The last thing Stephen Cluxton would want is any fuss whatsoever being made over his latest record-breaking feat for Dublin football this weekend, which is fair enough, as it allows more room to fuss over Ross Munnelly instead.
Assuming he does feature in Dublin’s Leinster football championship opener against Westmeath on Saturday, Cluxton will further extend his outright record to 107 championship appearances, in what is his 20th championship season in goal, at age 39 the oldest player still active in the senior game. Follow that.
Actually Munnelly won’t be far off. Assuming he features for Laois on Sunday against Longford, it will mark his 78th championship appearance, and a month shy of turning 38, Munnelly is now the oldest outfield player left anywhere in the game, only Cluxton his senior.
Only there isn’t much to compare after that: while Cluxton is now chasing his eighth All-Ireland and 16th Leinster title, Munnelly still only has one senior championship honour to his name, which began as a 20-year-old in 2003 under then manager Mick O’Dwyer, the year Laois last won the Leinster football title, their first since 1946.
Indeed Munnelly never once got to play beyond the quarter-final stage of the football championship during his previous 17 seasons with Laois; coming into last summer, his 75 championship appearances were also all consecutive. What keeps him going, or indeed motivated, is the simple desire to be as consistent as he can be, plus the old cliché; don’t look back.
“It’s a funny one, because I don’t like to dwell on how long I have been playing,” he says. “You can get a little caught up in that. Being honest, I’m always looking at ways I can reinvent myself even further, something that these younger players are doing that maybe I need to bring to my game, and so on.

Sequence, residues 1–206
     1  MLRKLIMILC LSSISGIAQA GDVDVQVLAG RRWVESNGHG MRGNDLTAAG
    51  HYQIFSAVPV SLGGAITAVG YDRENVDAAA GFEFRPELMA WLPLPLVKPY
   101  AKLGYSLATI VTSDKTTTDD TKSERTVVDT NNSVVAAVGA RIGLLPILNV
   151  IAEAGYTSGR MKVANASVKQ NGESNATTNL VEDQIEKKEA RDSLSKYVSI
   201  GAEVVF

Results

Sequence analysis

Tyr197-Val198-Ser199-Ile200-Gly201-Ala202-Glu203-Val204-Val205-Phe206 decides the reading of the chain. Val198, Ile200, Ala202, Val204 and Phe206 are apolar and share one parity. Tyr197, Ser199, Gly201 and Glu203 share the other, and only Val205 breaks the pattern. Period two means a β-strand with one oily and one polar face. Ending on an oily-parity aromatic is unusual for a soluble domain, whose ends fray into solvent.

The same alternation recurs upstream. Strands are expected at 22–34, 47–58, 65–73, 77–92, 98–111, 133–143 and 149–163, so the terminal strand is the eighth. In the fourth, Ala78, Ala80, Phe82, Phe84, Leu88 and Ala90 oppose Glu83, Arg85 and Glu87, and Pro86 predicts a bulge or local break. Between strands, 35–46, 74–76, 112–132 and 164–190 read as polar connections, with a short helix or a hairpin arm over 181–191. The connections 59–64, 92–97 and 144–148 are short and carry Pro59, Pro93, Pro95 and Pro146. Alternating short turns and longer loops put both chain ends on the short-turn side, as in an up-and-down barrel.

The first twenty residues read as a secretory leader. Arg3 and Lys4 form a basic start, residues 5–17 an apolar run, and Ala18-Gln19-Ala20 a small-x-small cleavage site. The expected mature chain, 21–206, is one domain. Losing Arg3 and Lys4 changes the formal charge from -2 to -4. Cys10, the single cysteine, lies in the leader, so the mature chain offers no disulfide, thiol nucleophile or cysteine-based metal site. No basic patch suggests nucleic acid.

“From when I first started, I always wanted to judge myself on consistency, and when you play for a smaller county like Laois, it’s not like professional sports where players move to different places, stronger or weaker clubs, and maybe money dictates. And the great thing about the GAA is that you’re representing your own community, county club and family, and while the game in some ways changes, in many ways it stays the same too, so I like to judge myself on playing to that consistency.
“The fact I’m still playing, and all these younger players are coming through, keeps me in reality too. I don’t need to look any further than my own Laois dressingroom, and at any time in the last number of years I could have been sitting beside a guy who was doing his Leaving Cert, or players here in DCU. So I’m very much a believer in youth, also being able to mentor some of these players, but that works both ways, there’s a reverse sharing of knowledge, and I can learn from their perspective too. But it’s fantastic from my perspective, and I’m enjoying every minute of it.”
Munnelly currently works at the alumni office at DCU, while also studying for Executive MBA, the retirements last season of Mayo's Andy Moran and Monaghan's Vinny Corey making him the oldest outfield player in the game (he turns 38 next month).
Still the actual playing rewards have been few and far between, that sole Leinster title in 2003, plus an All-Star nomination in 2006. Munnelly also made three panels with Ireland during the International Rules series with Australia, and helped his club, Arles-Kilcruise, to their one and only Laois county title, also back in 2003.
There have been other highlights and moments of inspiration, most recently as Laois survived the late, late fight against relegation to Division 3, coming back to beat Fermanagh 3-12 to 1-11, in what was his 109th league appearance.
“It never had the look of a game that we were completely dead and buried, even down to 14 men. But probably something we deserved in the overall balance of the league, I think we richly deserved to stay in Division 2. That was a massive goal for us from the start of the year, and we have another opportunity now to represent our county.
“It’s interesting ramping up to play this time of year, I think we’d all prefer of the pitches were a bit harder. It’s also about managing the load, maybe training as hard as I can, but maybe for a shorter period of time.
Michaell Quirke is also now his ninth Laois manager (fifth from Kerry), and while Dublin are expected to win Leinster with the sort of minimal fuss that Cluxton represents, Munnelly is staying philosophical about it all, as he well he might.
“Given the times we’re in, the intercounty season is providing something for people to look forward to at the weekend, and as players that’s one of our responsibilities. It also feels like all bets are off again, it’s back to the old format from before even I was playing.”